I am all for accommodating family members in these busy times. I say, do whatever it takes to bring families together—and more importantly, don’t forget to bring a gift!
I would like to share my family’s experience observing Jewish holidays. It is very common for us to hold a Passover seder on the Saturday evening during the week of Passover. Our seder is usually not celebrated on the first or second night of the holiday. Had we not made this adjustment, we would not be with our daughters and our grandchildren for the occasion, as they live too far away to come during a weeknight.
My husband and I took our cue from other military families who often celebrate Christmas at other times of the year, when their spouses are home from deployment. It works for them as it does for us.
Capt. Bruce Cohen, USN, and Marjorie Cohen
DO NOT DISREGARD JEWISH LIFE IN EUROPE
I read and re-read Tatyana Sundeyeva’s article, “What Remains of Jews in Europe,” in the November/December 2018 issue. I couldn’t shake how depressing it was. True, many European Jews are leaving Europe, and many are making aliyah; yet, many are staying and being part of a new Jewish life in Europe. How can the author have such a disregard of the re-emergence of Jewish communities in Germany? How can she simply sweep under the rug the beautifully restored and still-in-use (some
since the 13th century) synagogues in Prague?
It is indeed a tribute to our collective resilience that Jewish life exists not just in Israel and the United States, but also in places where you wouldn’t expect it any more. I’ve visited Jewish Tuscany, Florence, Venice and Rome. These communities are vibrantly alive, albeit in a different way from the days of old.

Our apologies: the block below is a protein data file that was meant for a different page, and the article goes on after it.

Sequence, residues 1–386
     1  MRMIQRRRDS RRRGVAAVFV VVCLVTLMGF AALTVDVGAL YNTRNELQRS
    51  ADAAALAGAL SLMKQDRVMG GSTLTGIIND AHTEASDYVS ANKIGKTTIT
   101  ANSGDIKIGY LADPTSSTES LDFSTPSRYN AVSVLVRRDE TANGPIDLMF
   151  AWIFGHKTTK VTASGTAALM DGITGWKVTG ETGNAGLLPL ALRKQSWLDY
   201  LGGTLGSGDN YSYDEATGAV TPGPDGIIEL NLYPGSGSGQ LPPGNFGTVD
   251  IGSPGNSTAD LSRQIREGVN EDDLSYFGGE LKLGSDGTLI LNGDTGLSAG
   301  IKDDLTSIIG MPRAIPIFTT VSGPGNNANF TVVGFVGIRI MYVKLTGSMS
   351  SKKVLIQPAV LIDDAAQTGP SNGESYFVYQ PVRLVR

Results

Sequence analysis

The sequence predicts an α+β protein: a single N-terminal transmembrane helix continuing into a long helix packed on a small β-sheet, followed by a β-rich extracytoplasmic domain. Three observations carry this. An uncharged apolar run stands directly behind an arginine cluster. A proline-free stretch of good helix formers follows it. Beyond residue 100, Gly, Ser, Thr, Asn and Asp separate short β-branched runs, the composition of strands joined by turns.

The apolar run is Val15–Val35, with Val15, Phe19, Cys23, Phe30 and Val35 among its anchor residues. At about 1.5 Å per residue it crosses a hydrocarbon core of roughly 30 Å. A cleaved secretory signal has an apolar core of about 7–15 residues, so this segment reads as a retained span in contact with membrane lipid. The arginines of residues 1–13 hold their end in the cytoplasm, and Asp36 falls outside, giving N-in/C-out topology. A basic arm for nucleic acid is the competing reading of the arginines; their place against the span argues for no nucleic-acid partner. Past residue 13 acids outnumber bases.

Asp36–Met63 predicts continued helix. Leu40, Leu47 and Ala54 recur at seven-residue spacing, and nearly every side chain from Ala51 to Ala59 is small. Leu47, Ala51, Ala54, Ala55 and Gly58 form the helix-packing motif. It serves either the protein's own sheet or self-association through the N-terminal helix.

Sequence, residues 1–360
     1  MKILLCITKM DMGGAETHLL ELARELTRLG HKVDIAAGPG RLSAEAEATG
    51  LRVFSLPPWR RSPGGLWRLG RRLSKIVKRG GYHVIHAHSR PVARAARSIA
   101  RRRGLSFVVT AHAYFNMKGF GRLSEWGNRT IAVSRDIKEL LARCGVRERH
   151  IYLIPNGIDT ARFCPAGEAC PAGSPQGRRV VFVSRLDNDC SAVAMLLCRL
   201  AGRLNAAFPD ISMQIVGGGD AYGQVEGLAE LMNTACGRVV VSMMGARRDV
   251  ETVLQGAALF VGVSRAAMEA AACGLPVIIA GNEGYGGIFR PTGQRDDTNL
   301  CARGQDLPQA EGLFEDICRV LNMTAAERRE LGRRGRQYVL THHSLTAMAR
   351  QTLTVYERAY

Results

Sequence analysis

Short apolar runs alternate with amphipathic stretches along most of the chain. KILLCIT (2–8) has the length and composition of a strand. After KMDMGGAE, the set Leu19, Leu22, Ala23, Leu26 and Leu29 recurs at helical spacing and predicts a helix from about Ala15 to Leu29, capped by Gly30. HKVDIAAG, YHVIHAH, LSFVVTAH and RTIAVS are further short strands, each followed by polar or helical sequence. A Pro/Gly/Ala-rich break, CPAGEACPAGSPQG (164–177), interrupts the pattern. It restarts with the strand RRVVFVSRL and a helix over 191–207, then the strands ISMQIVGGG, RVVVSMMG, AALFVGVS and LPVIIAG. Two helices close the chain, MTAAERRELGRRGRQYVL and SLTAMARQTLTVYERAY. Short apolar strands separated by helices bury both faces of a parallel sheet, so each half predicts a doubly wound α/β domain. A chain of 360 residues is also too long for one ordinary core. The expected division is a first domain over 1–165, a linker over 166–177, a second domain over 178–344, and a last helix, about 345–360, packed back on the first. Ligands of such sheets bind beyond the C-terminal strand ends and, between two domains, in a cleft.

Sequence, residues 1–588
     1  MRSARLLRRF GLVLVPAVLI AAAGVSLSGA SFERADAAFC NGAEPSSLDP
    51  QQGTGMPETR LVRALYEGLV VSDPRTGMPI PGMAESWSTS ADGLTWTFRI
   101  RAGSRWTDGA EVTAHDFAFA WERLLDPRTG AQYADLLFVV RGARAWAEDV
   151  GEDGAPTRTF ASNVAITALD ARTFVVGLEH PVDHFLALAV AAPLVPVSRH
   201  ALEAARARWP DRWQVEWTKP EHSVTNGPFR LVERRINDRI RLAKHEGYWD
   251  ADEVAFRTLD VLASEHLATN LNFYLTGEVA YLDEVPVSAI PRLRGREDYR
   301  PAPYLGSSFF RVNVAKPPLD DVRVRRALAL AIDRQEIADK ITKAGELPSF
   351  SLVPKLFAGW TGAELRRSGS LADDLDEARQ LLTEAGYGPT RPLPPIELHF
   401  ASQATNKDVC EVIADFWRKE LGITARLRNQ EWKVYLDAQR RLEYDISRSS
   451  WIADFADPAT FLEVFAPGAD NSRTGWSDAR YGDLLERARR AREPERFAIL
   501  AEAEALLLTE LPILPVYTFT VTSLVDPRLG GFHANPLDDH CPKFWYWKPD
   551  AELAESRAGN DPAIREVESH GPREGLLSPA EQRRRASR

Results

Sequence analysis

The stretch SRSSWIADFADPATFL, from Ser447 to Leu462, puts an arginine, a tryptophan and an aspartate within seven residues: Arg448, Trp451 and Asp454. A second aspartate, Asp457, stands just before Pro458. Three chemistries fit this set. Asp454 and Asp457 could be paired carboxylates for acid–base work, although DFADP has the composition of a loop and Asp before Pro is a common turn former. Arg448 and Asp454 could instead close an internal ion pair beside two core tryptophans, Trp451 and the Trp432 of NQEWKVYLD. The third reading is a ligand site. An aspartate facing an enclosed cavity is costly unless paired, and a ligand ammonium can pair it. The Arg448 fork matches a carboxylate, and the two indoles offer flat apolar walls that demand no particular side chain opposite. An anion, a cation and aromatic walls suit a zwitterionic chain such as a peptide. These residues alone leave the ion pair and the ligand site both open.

I am a proud American with cherished European roots and history that I will never stop talking about.
While Tatyana Sundeyeva’s interesting article on Jews in Europe presents a somewhat depressing picture, it is also important to acknowledge our debt to the many Christians in Italy who saved almost 80 percent of that country’s Jewish population during the Holocaust. In Siena specifically, of the approximately 250 Jews living there in 1943, 15 were rounded up and sent to Nazi death camps. A group of nuns from a Siena convent as well as local priests urged the community to hide their Jewish neighbors, saving the overwhelming majority of them.
Seth B. Goldsmith
‘SYD’ TAYLOR, ICONIC ADVENTURER OF THE LOWER EAST SIDE
How delightful to see Sydney Taylor’s “newest book” given such prominence in the children’s book review roundup in the November/December 2018 issue. The All-Of-A-Kind Family Hanukkah story, as told by Emily Jenkins and illustrated by Paul Zelinsky, is really for everyone. I’m taking my 8-year-old niece to a book talk where she will get an autographed first edition. Then we will go home and start reading the original series.
I am also buying copies for my adult friends who loved Syd as I did. She was my dance counselor at Cejwin Camps, and I knew all of her sisters in their various camp roles as well. I am quite sure that Syd would approve of this delightful way of introducing new generations of readers to the Lower East Side through the adventures of a Jewish family.
New York, N.Y.